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08 Apr 15 06:45

The recent devastating tropical cyclone that went through the Pacific Islands of Vanuatu has caught the attention of the public. I followed the event with a special interest as someone who has worked on the recent renewal of the Pacific Catastrophe Risk Insurance Pilot for Swiss Re.

Fortunately, the Pacific Island nations are not without any defense to such devastation. Back in 2012, the Pacific Catastrophe Risk Insurance Pilot was introduced to the Pacific Island Nations to better protect them against disaster risks such as earthquake, tropical cyclone and tsunami utilizing parametric triggers by the World Bank. This has proven to be a highly useful disaster risk financing tool for the various island nations' governments.

In 2014, shortly after Tropical Cyclone Ian (a Cat 4 cyclone on a SS scale) made its landfall on Tonga (one of the participating Pacific Island Nations in the program together with Vanuatu, Cook Island, Marshall Island and Samoa) a quick cash payout of 1.27mn USD was made to the Government of Tonga in less than three weeks, which allowed them to purchase additional fuel for relief operations.

On March 13 of this year, another tragedy occurred - one of the worst disasters ever to hit the region, a Category 5 Tropical Cyclone (Pam) wiped through the island nation of Vanuatu and the surrounding areas and left behind a devastating trail in Port Villa, the capital and largest city of Vanuatu. So far this "monster" disaster has left more than 130,000 people displaced and nearly 90% of the buildings in Vanuatu affected (source: UNICEF).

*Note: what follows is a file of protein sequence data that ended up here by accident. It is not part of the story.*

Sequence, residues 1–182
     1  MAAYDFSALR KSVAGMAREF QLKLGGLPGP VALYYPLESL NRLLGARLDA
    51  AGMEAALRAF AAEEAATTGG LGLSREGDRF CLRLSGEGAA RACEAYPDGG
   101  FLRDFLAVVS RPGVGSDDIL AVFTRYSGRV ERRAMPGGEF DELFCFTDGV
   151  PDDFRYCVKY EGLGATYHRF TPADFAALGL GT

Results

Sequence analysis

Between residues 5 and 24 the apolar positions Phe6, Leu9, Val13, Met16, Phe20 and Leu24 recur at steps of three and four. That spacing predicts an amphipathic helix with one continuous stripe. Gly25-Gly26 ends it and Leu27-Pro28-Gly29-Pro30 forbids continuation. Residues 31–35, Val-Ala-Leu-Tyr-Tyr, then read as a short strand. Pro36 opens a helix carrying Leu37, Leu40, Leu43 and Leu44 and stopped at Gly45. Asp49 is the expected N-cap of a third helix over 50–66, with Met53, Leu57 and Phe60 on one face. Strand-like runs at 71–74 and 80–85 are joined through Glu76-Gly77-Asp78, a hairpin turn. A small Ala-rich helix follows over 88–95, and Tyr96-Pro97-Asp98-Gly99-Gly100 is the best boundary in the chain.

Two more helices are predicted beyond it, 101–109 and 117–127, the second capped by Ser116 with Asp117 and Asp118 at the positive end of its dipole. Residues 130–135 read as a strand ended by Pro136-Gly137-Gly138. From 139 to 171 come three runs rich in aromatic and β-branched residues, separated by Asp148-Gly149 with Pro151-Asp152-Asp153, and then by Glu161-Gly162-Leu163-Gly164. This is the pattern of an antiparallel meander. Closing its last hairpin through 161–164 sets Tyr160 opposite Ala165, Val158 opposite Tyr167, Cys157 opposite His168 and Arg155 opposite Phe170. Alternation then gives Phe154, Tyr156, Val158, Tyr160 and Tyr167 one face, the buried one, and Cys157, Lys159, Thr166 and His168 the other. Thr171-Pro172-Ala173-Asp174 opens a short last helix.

As the people of Vanuatu struggle to get back on their feet, the Pacific Catastrophe Insurance Pilot program has already made a cash payout of 1.92mn USD to the Government of Vanuatu, only 10 days after the event. Last week the World Bank announced that the Government of Vanuatu has confirmed the receipt of the insurance payouts.

Given the program is currently a pilot, the limit of coverage is modest per country and per peril. The 1.92mn payout hence is only a fraction of the total economic loss suffered. However, the payout which happened in a swift manner would enable the Vanuatu Government to quickly mobilize the funds for emergency relief purposes, similar to what the Tonga Government had done in 2014.

The increasing intensity of climate threats and its contribution to the disaster risks in these Pacific Nations highlights the importance and the need for financial solutions to better manage these risks - and the Pacific Catastrophe Risk Insurance Pilot has once again demonstrated its usefulness in coping with disaster risk finances for these nations. In the meantime, we also hope that with the help of the international community the current program will be scaled up to provide for more meaningful protection to the Pacific Island Nations. The question is, how soon can this happen?

Category: Climate/natural disasters: Climate change, Disaster risk, Floods/storms

Location: Vanuatu


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